Can ditching diesel make recycling less cost-prohibitive?

PWS Natural Gas Truck
© Progressive Waste Solutions

One of the most consistent, unavoidable barriers to recycling is the cost. Layers of infrastructure – from collection to sorting to recycling – need to be navigated, and constant shipping costs emerge every step of the way. Shipping recyclables can be particularly prohibitive, and it all-too-often requires the use of diesel-fuel trucks that, apart from being terrible for the environment, historically cost more to fuel than gasoline. Until battery-powered freighters and trucks become accessible alternatives to gas guzzlers, are there any alternative fuels that might mitigate some of the environmental and economic costs of shipping?

In the past few years, one fuel in particular has been catching the eyes of many businesses and firms, both large and small: natural gas. As far as alternative fuels go, burning natural gas generates fewer carbon emissions, costs anywhere between 25 and 50 percent less than diesel, and limits our dependence on foreign petroleum. It could very well be a way for us to circumvent the typical transportation barriers of recycling in a greener way than the current diesel dominated market.

This is in part why TerraCycle made the decision to partner with Progressive Waste Solutions, one of North America’s largest waste management companies, and one that is starting to shift away from diesel and towards compressed natural gas. Since May 2013, Progressive Waste has added 300 compressed natural gas-fuel trucks, for a total of about 400, to its collection fleet. Our partnership means that we will be able to integrate TerraCycle recycling programs into existing curbside collections, but in a way that circumvents many of the conventional environmental and economic costs of diesel-fuel transportation.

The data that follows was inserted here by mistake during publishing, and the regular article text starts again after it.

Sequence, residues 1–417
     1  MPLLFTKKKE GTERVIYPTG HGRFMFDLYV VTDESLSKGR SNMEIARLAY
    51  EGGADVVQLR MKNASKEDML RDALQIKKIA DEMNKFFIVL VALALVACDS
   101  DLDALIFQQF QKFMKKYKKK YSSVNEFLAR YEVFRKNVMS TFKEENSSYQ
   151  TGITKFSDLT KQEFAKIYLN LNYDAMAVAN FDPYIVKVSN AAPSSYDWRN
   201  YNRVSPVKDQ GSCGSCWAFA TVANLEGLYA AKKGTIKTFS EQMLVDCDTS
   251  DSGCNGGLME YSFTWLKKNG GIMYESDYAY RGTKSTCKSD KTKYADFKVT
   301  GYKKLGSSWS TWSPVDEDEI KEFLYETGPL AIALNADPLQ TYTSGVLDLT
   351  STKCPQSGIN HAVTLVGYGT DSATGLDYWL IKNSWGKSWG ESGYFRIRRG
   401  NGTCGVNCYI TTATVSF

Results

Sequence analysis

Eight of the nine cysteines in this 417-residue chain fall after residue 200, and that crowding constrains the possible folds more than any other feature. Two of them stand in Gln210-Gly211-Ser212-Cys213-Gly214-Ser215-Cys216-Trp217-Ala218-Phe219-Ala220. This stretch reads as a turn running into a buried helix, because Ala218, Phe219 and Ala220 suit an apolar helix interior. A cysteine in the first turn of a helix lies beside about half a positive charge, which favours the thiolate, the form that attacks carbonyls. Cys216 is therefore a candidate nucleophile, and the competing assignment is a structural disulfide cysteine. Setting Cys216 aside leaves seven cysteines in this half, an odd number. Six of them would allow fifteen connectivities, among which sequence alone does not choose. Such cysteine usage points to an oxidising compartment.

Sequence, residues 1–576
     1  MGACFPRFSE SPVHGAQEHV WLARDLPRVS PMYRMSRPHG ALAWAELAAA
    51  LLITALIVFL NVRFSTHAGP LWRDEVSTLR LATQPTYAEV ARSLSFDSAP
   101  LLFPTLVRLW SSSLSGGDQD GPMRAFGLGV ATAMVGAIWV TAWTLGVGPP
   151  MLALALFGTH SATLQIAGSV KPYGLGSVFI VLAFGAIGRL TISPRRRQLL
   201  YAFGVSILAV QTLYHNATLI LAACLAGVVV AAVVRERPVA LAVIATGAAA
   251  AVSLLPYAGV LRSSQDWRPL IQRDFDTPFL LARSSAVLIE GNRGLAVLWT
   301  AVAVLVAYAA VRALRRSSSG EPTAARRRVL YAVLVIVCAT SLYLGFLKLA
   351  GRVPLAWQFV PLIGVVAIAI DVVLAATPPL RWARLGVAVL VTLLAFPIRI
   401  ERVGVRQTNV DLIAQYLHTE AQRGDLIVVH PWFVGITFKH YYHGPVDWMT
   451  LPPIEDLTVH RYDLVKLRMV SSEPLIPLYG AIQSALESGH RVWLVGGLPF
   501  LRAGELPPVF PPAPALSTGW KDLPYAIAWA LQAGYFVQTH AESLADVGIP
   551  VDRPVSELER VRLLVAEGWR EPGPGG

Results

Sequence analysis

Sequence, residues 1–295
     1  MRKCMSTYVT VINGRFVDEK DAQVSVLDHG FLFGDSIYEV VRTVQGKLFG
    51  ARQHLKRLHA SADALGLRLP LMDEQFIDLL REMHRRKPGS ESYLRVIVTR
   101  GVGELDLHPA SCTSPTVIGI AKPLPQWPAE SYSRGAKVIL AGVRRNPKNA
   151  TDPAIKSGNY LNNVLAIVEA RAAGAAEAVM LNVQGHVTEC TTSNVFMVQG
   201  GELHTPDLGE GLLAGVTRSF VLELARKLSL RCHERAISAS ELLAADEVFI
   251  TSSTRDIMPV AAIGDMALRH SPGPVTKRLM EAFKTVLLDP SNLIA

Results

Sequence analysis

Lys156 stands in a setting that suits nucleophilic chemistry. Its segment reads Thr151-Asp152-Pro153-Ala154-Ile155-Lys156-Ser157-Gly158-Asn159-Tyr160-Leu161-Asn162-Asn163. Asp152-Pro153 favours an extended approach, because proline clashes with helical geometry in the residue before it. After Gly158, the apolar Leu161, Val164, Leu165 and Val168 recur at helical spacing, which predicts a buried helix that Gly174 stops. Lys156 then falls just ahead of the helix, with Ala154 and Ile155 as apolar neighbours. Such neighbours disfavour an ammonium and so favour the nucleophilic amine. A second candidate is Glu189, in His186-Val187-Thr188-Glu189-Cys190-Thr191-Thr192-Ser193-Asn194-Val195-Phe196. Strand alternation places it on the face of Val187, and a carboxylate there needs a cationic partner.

PWS Natural Gas Truck - 2© Progressive Waste Solutions

Progressive Waste services commercial, industrial, municipal and residential markets across 13 U.S. states, the District of Columbia, and six Canadian provinces – so its impact is, to say the least, far-reaching. Now, those existing customers will have the opportunity to recycle a greater catalog of waste materials not offered by conventional waste management systems.

Compressed natural gas is a much cheaper and cleaner-burning fuel, but it’s obviously not an end-all, ultimate eco-friendly fuel alternative that we should be satisfied with; this is simply an incremental step towards more sustainable transportation. As it stands, 28% of the greenhouse gases generated in the U.S. are generated in the transportation sector. We are seeing some exciting advancements that limit our need for liquid or gas fuel trucks, but nothing that is readily accessible on the large scale needed for garbage trucks and tractor-trailers. Natural gas can lessen those emissions contributions until more sustainable alternatives are developed.

The recycling programs we offer at TerraCycle are only as effective as the transportation infrastructures they utilize. Right now, we’re limited to mail-in waste collection programs that are held back by the costs and weight restrictions of postal services. With Progressive Waste’s help, we can make those collection programs more mainstream by bringing them directly to people’s curbs. We can even avoid some of the prohibitive costs and inevitable carbon emissions linked to conventional transportation. Hopefully in the next five or ten years even more practical, environmentally sound fuel alternatives will be developed. When they are, we will be opening up the conversation once again.

Can ditching diesel make recycling less cost-prohibitive?
Waste management companies, big and small, are coming together to make recycling more affordable, sustainable and scalable.